These days, there are a ton of places to find scent naturally. If you do venture to craft stores or online, find quality scents to use – whether you invest in neutral incense sticks, candle wax or soap base.  But mostly, take the time to gussy up your life with the blessing of fragrance.

If it Smells Good, Is it Good For You?

Aromatherapy is the buzzword these days - and essentially it is the use of aromatic plant essences to bring about positive changes or effects in the mind and body. Moreover, pain takes something like 12 seconds to register as a sense; whereas a scent is experienced in something like 5 seconds. Wow. Good smells travel fast!

Essential oils, as opposed to fragrance oils, are at the base of this science/craft and inhaling (or bathing with, misting, etc) various ones have been found to relax you, relieve headaches and the blue, energize, assist with weight loss, or otherwise cure what ails you. Vic’s Vapo rub is in fact, a sort of aromatherapy (not one that beguiles me but an example nonetheless). There are aromatherapy practitioners and experts (I am neither), as well as magazines dedicated to this, stores, mail order places, health food sections that promote essential oil lines, and websites galore. Lavender is the classic relaxant; grapefruit oil is the diet tonic of note. Everyone from product developers at Proctor and Gamble to the most marginal organic company are touting essential oils and aromatherapy. It goes with the new age books, tarot cards, and herbal teas - all of which seem to be saying we are looking for some sort of oasis or respite from daily lives. It is the millennium spin of the earthy sixties perhaps, but it is a pleasant enough pursuit - for some, it is a mission; for me, it is a ‘good scents make me happy’ thing. So, I go with one suits me. Grapefruit and other citrus scents are known pepper-uppers. Geranium and rose, are known as the ‘Prozac’ of the aromatherapy world, as are myrrh and frankincense and clary sage. In the end, you can choose a bit from the tried and true lists of what works for what ailment and/or combine it with what suits you. Health food stores can be helpful, but in the end, the Internet and books are your best bets.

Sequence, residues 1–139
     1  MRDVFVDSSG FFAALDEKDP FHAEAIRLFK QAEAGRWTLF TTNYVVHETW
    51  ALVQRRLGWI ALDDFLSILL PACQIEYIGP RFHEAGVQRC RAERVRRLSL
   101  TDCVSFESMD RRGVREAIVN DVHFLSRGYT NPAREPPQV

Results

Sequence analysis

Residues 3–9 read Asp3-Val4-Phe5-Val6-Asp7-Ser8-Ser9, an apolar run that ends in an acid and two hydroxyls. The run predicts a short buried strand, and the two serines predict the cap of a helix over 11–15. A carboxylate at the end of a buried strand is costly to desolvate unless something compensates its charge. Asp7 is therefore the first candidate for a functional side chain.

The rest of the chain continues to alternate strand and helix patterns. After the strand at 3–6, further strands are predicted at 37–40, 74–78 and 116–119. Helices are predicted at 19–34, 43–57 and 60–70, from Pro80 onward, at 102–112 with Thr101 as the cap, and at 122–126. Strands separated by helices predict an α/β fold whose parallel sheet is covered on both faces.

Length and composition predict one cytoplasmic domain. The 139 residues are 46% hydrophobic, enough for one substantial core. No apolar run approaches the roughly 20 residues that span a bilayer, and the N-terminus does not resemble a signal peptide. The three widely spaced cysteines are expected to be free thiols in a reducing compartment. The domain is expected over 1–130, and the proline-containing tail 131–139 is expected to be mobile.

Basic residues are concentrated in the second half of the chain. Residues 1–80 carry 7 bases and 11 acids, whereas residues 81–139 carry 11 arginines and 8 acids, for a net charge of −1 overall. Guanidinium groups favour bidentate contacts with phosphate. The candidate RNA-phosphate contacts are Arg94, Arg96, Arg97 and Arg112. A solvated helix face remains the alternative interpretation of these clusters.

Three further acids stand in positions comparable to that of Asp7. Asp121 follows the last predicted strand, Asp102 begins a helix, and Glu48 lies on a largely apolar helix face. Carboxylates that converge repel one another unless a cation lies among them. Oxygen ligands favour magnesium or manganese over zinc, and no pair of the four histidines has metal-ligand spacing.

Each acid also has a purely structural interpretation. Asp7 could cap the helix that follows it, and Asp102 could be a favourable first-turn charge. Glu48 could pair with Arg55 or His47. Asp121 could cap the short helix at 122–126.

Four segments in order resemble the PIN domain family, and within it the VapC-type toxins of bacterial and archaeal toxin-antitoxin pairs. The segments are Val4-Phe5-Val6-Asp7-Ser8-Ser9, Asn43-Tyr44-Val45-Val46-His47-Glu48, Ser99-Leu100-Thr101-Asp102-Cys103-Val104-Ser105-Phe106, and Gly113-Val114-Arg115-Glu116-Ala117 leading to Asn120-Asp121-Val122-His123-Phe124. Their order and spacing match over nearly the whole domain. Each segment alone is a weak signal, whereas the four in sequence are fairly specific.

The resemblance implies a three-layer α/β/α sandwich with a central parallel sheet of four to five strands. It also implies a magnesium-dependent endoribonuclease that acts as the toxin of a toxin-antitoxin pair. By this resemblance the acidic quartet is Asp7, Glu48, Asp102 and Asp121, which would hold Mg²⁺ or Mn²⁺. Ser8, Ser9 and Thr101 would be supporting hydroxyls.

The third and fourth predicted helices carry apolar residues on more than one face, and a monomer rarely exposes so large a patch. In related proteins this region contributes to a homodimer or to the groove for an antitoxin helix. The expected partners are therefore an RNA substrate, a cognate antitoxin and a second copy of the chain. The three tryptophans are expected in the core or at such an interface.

For more on scent, enjoy my other features: